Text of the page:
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France plans to make 11 vaccinations compulsory for children

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France plans to make 11 vaccinations compulsory for children
Photo: Esben Klinker/ Depositphotos
11:56 CEST+02:00
France's new health minister wants to make 11 vaccinations compulsory for children rather than leave the decision in the hands of parents.

Currently only three child vaccinations are obligatory by law in France: diphtheria, tetanus and polio.

But new health minister Agnes Buzyn said this causes “a real public health problem”.

She wants to extend the number of mandatory vaccinations to 11 to include immunisations against conditions such as measles, hepatitis B, meningitis C, rubella, mumps and whooping cough.

At present these vaccinations are only recommended by the state and the decision whether or not to inoculate a child is left in the hands of the parents, who are often swayed by theories and scare stories about health risks of certain vaccines.

“This double system is unique to France,” the minister Buzyn told Le Parisien newspaper. “It poses a real public health problem,” adding that measles is coming back.

Since 2008 measles has caused the death of 10 children in France.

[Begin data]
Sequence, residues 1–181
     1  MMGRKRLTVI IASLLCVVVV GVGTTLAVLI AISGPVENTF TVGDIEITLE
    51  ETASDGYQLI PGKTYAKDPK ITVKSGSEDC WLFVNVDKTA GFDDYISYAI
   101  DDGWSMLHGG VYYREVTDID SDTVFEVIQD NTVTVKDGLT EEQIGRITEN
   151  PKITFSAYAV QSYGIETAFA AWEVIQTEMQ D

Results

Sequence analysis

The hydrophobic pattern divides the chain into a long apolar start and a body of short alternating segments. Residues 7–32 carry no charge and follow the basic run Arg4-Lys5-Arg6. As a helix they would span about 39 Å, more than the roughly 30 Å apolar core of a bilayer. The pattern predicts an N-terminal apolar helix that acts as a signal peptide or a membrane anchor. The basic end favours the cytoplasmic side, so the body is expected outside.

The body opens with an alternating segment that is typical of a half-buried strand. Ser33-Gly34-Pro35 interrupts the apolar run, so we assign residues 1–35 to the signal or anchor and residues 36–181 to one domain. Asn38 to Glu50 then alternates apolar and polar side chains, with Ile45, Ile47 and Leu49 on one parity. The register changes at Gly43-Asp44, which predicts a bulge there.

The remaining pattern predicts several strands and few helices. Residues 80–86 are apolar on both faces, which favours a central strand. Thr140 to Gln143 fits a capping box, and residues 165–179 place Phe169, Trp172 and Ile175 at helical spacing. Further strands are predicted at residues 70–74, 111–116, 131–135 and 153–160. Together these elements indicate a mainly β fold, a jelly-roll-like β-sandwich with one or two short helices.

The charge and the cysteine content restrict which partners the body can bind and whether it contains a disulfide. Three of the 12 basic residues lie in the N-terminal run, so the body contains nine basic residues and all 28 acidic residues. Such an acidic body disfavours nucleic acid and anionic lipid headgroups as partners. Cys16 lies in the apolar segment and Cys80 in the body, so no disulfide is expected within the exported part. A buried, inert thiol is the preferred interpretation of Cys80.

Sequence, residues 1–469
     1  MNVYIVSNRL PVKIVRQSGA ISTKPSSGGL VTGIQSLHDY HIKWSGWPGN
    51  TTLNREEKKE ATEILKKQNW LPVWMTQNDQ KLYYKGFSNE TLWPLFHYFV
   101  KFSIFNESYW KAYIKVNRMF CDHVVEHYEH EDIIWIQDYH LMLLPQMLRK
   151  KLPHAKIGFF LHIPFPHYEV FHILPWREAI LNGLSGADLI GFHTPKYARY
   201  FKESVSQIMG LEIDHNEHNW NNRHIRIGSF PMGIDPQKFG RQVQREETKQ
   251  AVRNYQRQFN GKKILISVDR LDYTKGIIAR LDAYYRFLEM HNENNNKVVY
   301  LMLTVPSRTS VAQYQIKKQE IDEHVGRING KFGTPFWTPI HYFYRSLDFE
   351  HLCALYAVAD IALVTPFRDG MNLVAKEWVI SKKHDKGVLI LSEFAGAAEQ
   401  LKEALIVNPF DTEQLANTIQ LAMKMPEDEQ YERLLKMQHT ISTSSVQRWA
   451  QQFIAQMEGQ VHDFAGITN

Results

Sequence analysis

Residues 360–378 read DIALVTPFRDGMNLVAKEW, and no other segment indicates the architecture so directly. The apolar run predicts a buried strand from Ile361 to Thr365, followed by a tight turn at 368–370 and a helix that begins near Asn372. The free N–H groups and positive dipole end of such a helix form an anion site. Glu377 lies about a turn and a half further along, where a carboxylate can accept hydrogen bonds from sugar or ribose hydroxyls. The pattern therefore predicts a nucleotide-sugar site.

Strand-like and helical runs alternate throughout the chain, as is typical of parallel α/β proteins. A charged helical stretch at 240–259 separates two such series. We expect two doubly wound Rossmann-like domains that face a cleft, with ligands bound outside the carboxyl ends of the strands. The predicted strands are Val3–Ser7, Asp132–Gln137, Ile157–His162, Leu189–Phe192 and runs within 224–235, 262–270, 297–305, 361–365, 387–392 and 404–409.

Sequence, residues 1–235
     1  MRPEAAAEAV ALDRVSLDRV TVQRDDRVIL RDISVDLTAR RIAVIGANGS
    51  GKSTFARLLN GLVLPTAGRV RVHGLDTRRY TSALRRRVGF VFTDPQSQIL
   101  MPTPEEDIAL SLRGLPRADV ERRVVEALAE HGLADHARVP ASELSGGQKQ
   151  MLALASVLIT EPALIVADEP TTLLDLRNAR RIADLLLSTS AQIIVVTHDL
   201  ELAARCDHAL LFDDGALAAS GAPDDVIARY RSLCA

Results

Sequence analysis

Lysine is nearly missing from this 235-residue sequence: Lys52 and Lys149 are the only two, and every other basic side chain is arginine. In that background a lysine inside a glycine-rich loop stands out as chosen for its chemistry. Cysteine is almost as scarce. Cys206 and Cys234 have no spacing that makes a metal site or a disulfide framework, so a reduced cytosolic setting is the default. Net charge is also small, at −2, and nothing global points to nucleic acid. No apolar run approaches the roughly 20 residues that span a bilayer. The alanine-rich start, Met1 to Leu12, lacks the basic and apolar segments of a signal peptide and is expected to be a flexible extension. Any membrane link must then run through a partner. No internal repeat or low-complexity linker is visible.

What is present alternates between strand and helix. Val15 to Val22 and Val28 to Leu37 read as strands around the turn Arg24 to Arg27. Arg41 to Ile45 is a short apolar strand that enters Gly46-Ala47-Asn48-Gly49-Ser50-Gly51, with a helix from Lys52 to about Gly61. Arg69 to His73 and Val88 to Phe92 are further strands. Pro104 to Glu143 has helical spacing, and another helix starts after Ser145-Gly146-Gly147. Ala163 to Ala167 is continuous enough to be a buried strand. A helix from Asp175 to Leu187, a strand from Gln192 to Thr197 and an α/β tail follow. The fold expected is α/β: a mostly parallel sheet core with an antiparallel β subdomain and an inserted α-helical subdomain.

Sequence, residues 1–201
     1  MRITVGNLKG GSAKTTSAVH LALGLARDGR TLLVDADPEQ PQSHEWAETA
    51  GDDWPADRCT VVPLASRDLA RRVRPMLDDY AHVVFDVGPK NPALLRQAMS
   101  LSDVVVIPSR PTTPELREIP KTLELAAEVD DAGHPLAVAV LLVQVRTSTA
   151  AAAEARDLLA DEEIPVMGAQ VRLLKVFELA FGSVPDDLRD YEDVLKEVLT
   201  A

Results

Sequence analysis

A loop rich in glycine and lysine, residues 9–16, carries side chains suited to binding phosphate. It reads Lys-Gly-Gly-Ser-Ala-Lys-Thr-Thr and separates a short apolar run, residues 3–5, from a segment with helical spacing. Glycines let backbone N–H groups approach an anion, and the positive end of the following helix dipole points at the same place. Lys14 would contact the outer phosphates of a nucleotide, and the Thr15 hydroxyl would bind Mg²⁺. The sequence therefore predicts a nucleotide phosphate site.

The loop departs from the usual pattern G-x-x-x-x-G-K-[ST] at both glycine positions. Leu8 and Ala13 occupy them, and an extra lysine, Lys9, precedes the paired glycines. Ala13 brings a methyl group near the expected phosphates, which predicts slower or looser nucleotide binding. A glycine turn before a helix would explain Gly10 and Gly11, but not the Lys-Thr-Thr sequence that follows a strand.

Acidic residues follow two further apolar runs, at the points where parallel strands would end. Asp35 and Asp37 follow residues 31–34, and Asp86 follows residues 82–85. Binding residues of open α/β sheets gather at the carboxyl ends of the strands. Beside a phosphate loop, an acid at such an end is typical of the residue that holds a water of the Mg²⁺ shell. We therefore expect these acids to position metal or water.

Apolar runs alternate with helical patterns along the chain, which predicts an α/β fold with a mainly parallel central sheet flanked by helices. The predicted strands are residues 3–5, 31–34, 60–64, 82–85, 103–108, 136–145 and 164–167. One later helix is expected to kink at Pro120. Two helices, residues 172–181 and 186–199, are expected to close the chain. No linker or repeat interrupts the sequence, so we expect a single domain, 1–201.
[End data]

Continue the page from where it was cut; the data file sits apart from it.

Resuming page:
“We have the same problem with meningitis. It's not acceptable that a 15-year-old teenager could die just because they have not been vaccinated," the minister said.

The announcement comes a month after Italy introduced a new law that forces children to be vaccinated against 12 common illnesses before they can enroll in state schools.

If parents do not follow the rules they will be subject to fines.

Reacting to the controversial law Italian expert on infectious diseases Alberto Giubilini said the government was justified to coerce parents into vaccinating their children.

“The benefits of vaccination in terms of protection from infectious disease outweigh the costs and risks of vaccination,” he said. “For instance, the World Health Organisation estimates that between 2000 and 2015, measles vaccination prevented more than 20 million deaths.”

But the health minister's plan will no doubt not go down well with everyone.

"As soon as we talk about a vaccination obligation, it triggers a row," Professor Alain Fischer, president of a body that advises on vaccinations.

"Unfortunately there are no other solutions to combat the upsurge in childhood diseases. It is a short term evil for a long term good "he said.

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